Latest hospital financial and jobs data reflect an environment that remains challenging
Metrics for margins, volumes and expenses illustrate that even as the latest pandemic surge wanes, hospitals still aren’t back to anything resembling “normal.”
January financial data for hospitals show the continuing toll of the COVID-19 pandemic, while February labor numbers suggest an operational recovery that could further increase expenses.
Kaufman Hall described January as “a devastating month for hospitals and health systems,” citing data published in its latest National Hospital Flash Report. The omicron variant of the novel coronavirus was in full force for much of the month.
Median operating margins finished the month at -3.68% after dropping by 71.3% month-over-month and 23.7% year-over-year, Kaufman Hall reported, drawing on data compiled by Syntellis Performance Solutions. Operating EBITDA margin fell by 14.6% year-over-year nationally and likewise declined in four of five regions, with the Northeast/Mid-Atlantic Region the lone exception.
Inconsistent volumes continued to be a driver of the financial challenges. Operating room minutes were 15.7% lower than in December and 20.4% lower than before the pandemic. However, patient days increased by 1.7% and average length of stay by 8.6% month-over-month, owing to higher acuity levels among patients who required hospital care.
Thus, while inpatient revenue increased by 2.7% from December, outpatient revenue fell by 7.5%. The net result was a 4.7% drop in gross operating revenue.
“Our nation’s hospitals and health systems had a very difficult month to start the year,” Erik Swanson, senior vice president of data and analytics with Kaufman Hall, said in a news release. “While COVID-19 cases have swiftly declined since peaking in mid-January, the effects of the sudden and sizable margin and outpatient volume declines will be felt throughout 2022.”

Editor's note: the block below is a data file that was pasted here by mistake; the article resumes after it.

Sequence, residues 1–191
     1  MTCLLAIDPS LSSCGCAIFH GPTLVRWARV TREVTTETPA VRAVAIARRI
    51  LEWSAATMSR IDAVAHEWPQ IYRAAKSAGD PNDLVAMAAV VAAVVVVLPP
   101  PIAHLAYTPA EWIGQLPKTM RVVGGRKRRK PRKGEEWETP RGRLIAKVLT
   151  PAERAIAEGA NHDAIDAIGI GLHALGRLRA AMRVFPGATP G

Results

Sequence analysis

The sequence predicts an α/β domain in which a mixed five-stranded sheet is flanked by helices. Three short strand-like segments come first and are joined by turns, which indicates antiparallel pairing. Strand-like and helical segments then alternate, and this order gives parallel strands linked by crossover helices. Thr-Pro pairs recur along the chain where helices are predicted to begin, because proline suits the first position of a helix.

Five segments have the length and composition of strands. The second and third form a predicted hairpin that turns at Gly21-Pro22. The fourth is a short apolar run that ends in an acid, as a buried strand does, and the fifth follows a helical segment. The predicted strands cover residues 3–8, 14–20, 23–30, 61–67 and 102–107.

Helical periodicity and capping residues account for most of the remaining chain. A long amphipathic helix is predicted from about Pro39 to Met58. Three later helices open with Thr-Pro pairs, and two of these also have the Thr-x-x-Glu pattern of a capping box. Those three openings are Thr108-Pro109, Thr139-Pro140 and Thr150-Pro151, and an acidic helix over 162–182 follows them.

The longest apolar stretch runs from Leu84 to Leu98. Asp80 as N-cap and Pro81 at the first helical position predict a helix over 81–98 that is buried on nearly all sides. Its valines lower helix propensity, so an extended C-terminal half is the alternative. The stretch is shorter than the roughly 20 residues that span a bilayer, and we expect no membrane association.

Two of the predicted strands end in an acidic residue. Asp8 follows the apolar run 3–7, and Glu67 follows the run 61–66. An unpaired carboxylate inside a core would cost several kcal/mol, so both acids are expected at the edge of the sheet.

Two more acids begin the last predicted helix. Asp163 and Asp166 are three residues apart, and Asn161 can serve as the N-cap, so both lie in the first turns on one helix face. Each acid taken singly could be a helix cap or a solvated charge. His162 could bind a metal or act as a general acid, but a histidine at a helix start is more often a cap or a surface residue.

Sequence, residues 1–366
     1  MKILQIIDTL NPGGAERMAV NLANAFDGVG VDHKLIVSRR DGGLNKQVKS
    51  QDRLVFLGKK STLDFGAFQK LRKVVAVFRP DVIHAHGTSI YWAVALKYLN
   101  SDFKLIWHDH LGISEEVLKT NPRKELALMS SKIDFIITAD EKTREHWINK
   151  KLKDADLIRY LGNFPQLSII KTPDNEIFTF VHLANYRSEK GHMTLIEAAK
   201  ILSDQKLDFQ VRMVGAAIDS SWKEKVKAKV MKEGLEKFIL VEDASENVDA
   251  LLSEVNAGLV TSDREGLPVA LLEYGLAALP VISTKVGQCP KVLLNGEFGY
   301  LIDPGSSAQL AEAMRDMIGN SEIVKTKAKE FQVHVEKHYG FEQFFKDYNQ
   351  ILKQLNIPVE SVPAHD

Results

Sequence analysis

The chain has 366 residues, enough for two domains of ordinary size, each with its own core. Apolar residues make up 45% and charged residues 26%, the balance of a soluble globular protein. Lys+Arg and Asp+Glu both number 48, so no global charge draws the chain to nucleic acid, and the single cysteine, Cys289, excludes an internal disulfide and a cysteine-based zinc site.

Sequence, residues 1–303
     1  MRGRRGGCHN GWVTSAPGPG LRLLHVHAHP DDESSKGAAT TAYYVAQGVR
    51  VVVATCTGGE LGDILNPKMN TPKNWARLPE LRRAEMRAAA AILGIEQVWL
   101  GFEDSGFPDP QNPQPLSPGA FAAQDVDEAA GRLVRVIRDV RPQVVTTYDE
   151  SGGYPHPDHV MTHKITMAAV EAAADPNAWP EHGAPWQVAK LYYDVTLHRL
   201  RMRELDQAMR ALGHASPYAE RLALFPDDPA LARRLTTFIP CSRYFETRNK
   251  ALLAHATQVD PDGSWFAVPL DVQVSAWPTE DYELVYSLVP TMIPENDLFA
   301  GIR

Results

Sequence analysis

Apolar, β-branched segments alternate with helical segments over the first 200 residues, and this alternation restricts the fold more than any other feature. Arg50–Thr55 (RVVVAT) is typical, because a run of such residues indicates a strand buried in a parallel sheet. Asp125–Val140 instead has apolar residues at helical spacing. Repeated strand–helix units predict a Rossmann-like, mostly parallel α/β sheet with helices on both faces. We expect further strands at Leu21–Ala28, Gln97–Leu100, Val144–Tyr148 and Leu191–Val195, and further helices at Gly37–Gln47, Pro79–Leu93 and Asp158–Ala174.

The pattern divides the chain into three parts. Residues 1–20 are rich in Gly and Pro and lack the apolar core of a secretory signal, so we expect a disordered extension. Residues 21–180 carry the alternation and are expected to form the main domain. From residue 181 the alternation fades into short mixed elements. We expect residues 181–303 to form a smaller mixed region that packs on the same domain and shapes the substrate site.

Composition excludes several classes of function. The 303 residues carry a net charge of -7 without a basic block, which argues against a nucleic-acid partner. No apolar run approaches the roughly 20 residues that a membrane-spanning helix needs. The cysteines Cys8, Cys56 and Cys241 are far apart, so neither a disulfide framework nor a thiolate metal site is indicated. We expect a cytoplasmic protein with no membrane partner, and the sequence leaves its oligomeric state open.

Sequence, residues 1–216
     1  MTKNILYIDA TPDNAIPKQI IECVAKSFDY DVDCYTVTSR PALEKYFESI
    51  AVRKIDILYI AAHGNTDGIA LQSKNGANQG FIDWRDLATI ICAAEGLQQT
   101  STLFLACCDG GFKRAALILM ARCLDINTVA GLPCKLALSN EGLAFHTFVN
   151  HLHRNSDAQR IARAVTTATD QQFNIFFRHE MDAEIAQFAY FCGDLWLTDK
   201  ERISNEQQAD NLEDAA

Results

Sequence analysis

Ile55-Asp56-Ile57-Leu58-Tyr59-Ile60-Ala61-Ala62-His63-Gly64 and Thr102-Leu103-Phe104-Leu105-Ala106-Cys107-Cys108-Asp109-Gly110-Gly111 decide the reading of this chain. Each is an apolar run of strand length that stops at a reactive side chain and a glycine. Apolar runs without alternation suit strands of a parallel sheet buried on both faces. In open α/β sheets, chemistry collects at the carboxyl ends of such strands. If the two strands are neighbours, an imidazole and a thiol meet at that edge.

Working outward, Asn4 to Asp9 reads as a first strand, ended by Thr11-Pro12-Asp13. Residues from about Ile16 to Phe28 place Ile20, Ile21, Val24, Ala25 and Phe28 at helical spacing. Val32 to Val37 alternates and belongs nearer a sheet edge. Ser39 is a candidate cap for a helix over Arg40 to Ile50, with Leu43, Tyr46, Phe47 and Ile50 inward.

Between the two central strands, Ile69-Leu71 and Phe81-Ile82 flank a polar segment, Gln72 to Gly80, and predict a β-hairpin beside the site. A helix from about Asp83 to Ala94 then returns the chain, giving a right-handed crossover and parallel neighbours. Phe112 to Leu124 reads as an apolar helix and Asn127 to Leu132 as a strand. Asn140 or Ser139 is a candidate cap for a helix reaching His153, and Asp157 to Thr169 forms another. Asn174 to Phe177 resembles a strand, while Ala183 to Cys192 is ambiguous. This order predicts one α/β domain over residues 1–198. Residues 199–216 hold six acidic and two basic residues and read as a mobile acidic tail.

A look at the labor market
The latest numbers from the U.S. Bureau of Labor Statistics suggest hospitals are trying to meet patient demand for hospital services — an increase that could foreshadow continuing inflation in labor costs.
Hospitals added 2,700 jobs in February, even as the biggest job gains in the healthcare industry continued to come in ambulatory care. That segment added 53,600 jobs, including 19,700 in home healthcare and 15,100 in physician offices.
It initially was reported that hospitals added 3,400 jobs in January, but BLS since has updated its data to reflect a net loss of 800 jobs that month. Since February 2021, hospitals have added 7,200 jobs.
With the demand for labor comes the likelihood of increased expenses. In January, labor expenses rose by 14.6% per adjusted discharge, according to Kaufman Hall’s report. That was the biggest factor in an overall expense increase of 11.6% per adjusted discharge.
Year-over-year, labor expenses jumped by 14.2% even as FTEs per occupied bed dropped by 4.2%.
“These trends reflect the impacts of wage pressures as hospitals compete in a tight labor market,” Kaufman Hall wrote.